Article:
Short Fiction

Tuitions – Short Fiction by Nivedita N

Pinky wiped the sweat off her forehead with the sleeve of her blue t-shirt and looked at her elder brother, Sunny. He had been batting with her cricket bat since the last eight overs of the 30-over match in their apartment’s garage that doubled as their cricket pitch.  She listened as others complained to the captain of the team, their neighbour, Naresh, ‘When will we get a chance to bat, Anna? Every day Sunny Anna only bats first and keeps batting till end. I will go to Godha Nilayam from tomorrow!’ ‘You will play with our enemy team?’ Naresh, looked at them, his eyebrows furrowed. ‘No, Anna, we did not mean that. But every time, he only bats first.’ ‘Arey, we must win, no? And, inter-building matches are also approaching for Independence Day. Ok..Ok..Tomorrow you bat first, ok?’ ‘SIX!’ one of their team members shouted, removing his t-shirt and hurling it in the air. ‘Pinky, go and get the ball,’ the bowler scorned at Pinky. ‘Why me, always?’ ‘That’s the rule. The last batsman in opposite team should go. Plus, you are so small you can easily squeeze between the plants and the bushes and brought.’ ‘It’s bring. State Syllabus fellow! And I am a batsgirl. Ok I am going,’ she mocked and walked swiftly to the neighbour’s house. It was Saturday noon and the neighbours would all be sleeping. She ran towards the plants where the ball would usually be lying. There it was! The red ball among the green plants. She picked the ball and was walking out of the gate when she heard her mother call her name aloud from their balcony. Throwing the ball at the bowler, she ran towards the staircase that led to their flat. ‘I will come soon. Anna, get my bat, don’t forget.’ She ran up the flight of stairs and knocked at her door. Her mother opened it quickly. She walked in and saw her father, still in his formals, holding her mathematics paper. ‘So you hid it from us? Mummy met your Maths teacher and she told that the paper was sent long ago. We searched your school bag and found it.’ Her father held his head in his hand and sank into the brown sofa. ‘Why did you do this?’ he asked, looking at her with disbelief. Pinky hung her head. She did not know how to react. ‘I am asking you!’ her father shouted. ‘Answer me.’ ‘I forgot I got the paper,’ she said, her voice barely a whisper. ‘Lies. Lies. Lies. Who teaches you all this?’ her father hurled the mathematics paper on the floor, and continued ‘Stop playing with those rowdy friends. Why don’t you play badminton instead with Shilpa? She is such a good girl and she will teach you some manners also. Those boys are bad. Only because of your brother I allowed you to play with them, but from today everything is cut. No TV. No playing. Did you see the paper? You got 55 out of 100. And your brother? He got 90. I am not one of those fathers who will compare but this is so less, Pinky.’ Her father said, looking at her. Her mother, seated at the dining table peeling potatoes, nodded in agreement. ‘Sorr..y,’ she mumbled, tears flowing down her cheeks. ‘Sorry for what? The time for sorry is over. From tomorrow, you will do as we say.’ ‘Now, you and Mummy will go to Ramani aunty and book a slot. She is the best tuition teacher. Everyone who goes there always gets good marks.’ ‘TUITIONs aaah!...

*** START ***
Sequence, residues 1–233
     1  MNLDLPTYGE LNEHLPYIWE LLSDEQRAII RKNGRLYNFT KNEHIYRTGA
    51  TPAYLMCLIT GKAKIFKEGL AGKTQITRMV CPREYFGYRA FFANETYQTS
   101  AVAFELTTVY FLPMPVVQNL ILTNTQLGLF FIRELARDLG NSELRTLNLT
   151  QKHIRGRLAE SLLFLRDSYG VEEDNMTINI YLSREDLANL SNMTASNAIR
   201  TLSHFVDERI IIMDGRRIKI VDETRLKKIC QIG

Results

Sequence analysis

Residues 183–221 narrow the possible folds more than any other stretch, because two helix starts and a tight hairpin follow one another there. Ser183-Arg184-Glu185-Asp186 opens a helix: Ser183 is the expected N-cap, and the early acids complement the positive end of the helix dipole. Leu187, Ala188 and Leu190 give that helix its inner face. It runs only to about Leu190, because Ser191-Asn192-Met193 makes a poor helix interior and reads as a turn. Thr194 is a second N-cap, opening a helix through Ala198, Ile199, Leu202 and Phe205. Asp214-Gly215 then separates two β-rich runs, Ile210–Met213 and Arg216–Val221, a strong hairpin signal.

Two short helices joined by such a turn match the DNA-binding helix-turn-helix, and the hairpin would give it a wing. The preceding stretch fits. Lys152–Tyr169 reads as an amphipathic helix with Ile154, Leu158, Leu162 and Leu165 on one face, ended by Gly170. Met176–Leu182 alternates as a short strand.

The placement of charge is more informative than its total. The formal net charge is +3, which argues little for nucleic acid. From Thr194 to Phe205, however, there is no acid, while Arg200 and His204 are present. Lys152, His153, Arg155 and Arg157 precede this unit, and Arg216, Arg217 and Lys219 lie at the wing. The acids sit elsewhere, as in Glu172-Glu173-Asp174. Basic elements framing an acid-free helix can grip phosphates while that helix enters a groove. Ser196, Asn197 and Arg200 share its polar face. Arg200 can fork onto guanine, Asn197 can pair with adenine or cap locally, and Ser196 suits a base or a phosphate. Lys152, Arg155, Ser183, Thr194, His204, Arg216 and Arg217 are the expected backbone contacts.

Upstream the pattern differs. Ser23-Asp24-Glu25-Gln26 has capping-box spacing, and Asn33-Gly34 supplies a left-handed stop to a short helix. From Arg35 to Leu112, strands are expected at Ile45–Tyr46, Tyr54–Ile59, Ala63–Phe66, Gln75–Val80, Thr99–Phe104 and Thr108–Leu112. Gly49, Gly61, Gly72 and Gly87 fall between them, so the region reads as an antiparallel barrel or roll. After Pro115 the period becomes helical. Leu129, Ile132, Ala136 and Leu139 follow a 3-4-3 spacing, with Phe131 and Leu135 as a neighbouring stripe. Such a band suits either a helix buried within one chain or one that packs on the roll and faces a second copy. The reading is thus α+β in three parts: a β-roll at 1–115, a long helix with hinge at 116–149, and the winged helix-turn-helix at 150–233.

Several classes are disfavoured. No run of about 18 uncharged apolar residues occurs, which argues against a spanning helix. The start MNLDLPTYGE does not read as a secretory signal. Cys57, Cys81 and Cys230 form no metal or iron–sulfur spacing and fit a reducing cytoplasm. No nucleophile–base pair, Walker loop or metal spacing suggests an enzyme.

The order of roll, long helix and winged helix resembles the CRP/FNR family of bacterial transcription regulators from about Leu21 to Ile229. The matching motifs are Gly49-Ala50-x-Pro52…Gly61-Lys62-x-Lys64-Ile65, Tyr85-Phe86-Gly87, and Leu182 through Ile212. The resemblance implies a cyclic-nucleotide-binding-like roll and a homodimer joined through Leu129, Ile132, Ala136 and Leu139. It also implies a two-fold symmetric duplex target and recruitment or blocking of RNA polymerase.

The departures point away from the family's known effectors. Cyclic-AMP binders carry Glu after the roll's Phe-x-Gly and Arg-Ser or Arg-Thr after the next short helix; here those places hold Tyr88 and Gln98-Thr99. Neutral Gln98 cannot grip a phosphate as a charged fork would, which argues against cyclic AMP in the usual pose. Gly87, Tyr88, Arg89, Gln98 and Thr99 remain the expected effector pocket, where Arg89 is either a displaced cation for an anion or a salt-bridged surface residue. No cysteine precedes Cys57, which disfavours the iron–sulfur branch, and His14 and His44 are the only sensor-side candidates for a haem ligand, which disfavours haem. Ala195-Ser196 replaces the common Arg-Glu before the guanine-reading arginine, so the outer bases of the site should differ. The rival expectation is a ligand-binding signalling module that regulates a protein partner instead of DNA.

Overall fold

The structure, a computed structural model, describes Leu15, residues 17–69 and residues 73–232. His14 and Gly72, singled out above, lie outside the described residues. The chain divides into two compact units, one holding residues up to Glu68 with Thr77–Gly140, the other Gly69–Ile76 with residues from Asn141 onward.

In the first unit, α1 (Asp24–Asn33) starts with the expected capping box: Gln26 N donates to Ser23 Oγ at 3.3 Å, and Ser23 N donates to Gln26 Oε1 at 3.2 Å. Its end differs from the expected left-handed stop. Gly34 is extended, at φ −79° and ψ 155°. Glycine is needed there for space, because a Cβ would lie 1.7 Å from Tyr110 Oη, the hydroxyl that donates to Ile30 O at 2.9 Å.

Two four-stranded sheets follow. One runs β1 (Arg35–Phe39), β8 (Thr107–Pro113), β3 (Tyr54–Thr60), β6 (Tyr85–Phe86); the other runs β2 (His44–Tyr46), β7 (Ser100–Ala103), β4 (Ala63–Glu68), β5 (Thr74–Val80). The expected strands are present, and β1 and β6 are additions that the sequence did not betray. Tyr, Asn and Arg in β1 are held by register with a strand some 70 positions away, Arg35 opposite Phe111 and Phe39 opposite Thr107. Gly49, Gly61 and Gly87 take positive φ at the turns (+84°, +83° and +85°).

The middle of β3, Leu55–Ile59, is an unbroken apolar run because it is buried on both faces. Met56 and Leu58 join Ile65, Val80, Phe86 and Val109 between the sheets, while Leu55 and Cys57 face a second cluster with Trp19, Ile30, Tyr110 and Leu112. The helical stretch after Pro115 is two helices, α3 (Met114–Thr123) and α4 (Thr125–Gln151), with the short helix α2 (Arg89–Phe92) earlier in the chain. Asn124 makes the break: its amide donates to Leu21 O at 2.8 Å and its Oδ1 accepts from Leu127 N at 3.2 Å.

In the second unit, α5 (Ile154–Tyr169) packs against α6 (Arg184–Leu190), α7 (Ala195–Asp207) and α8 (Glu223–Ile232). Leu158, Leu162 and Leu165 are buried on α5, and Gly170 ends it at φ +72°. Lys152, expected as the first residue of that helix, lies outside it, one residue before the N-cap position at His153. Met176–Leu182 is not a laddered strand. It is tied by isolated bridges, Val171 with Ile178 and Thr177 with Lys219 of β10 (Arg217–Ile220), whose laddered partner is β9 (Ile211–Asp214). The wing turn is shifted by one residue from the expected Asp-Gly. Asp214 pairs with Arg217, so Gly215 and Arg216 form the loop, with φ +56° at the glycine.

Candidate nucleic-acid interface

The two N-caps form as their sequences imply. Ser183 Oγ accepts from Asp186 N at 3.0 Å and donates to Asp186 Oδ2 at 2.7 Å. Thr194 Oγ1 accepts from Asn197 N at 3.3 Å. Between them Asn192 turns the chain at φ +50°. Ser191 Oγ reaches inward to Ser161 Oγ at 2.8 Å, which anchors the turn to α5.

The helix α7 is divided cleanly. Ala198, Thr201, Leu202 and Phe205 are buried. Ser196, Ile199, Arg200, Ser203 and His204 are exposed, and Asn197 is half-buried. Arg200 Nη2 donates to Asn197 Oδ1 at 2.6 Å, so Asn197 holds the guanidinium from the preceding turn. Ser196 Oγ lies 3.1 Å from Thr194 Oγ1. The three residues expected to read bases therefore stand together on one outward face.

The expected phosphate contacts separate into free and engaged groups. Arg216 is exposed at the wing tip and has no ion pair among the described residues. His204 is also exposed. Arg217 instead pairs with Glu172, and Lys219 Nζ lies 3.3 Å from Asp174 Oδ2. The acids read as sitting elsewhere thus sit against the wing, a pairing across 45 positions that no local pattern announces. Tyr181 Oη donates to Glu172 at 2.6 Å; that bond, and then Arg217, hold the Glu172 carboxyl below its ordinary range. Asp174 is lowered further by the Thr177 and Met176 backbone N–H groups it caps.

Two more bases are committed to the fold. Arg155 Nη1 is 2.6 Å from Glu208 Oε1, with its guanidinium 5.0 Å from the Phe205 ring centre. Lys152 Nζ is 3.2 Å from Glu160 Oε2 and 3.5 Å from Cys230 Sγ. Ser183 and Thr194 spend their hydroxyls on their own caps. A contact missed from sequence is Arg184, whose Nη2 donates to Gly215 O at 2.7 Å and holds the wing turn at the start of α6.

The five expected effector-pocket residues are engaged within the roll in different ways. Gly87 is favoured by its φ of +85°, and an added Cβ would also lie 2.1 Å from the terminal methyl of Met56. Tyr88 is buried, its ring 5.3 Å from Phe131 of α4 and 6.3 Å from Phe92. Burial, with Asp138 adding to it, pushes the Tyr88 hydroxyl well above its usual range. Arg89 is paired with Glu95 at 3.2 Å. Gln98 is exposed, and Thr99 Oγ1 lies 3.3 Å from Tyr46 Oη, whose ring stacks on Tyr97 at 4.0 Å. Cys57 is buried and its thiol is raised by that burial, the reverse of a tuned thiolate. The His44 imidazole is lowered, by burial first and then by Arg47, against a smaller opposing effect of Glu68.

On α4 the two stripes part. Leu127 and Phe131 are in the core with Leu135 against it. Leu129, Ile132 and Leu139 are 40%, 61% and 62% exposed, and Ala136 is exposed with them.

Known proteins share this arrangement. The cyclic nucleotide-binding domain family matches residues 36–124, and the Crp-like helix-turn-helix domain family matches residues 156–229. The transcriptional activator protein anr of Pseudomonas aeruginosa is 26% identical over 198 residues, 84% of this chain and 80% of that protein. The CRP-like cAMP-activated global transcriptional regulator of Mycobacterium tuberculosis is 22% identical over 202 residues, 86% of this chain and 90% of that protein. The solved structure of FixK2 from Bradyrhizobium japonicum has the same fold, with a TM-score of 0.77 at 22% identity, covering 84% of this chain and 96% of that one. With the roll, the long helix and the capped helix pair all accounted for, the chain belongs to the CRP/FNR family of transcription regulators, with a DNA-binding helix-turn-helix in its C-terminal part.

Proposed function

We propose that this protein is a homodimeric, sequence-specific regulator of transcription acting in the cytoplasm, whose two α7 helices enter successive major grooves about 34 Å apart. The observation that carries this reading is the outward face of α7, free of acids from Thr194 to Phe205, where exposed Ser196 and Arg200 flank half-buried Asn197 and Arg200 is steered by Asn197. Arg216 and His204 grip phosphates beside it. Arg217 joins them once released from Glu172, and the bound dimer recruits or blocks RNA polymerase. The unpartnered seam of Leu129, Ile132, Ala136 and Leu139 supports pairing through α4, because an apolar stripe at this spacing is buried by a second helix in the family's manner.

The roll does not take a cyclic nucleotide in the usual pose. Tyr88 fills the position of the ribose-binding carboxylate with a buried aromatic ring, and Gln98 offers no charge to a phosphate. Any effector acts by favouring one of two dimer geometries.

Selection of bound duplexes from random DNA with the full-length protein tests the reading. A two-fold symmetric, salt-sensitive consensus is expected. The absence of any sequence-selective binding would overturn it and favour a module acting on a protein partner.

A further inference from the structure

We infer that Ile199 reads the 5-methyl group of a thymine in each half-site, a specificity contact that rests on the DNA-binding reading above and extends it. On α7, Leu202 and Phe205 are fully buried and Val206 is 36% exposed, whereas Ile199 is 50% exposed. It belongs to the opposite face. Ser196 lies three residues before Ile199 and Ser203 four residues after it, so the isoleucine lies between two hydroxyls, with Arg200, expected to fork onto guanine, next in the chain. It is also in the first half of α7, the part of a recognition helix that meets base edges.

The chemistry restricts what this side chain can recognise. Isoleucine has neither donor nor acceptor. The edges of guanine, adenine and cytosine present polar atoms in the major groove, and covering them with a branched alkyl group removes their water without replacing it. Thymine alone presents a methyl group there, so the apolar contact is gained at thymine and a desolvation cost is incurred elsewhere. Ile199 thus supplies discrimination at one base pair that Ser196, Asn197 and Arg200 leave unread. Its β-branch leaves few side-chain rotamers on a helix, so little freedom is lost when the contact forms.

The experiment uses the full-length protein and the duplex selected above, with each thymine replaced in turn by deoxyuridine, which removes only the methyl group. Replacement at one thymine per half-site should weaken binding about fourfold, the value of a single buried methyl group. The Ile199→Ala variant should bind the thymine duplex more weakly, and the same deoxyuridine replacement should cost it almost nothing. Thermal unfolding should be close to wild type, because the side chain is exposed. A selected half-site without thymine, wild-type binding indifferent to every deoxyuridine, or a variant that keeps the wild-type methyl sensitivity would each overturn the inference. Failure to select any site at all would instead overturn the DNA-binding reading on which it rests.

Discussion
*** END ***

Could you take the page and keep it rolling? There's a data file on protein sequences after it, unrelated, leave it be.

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Kosi, me, and the Kairos || Story by Ninad Parikh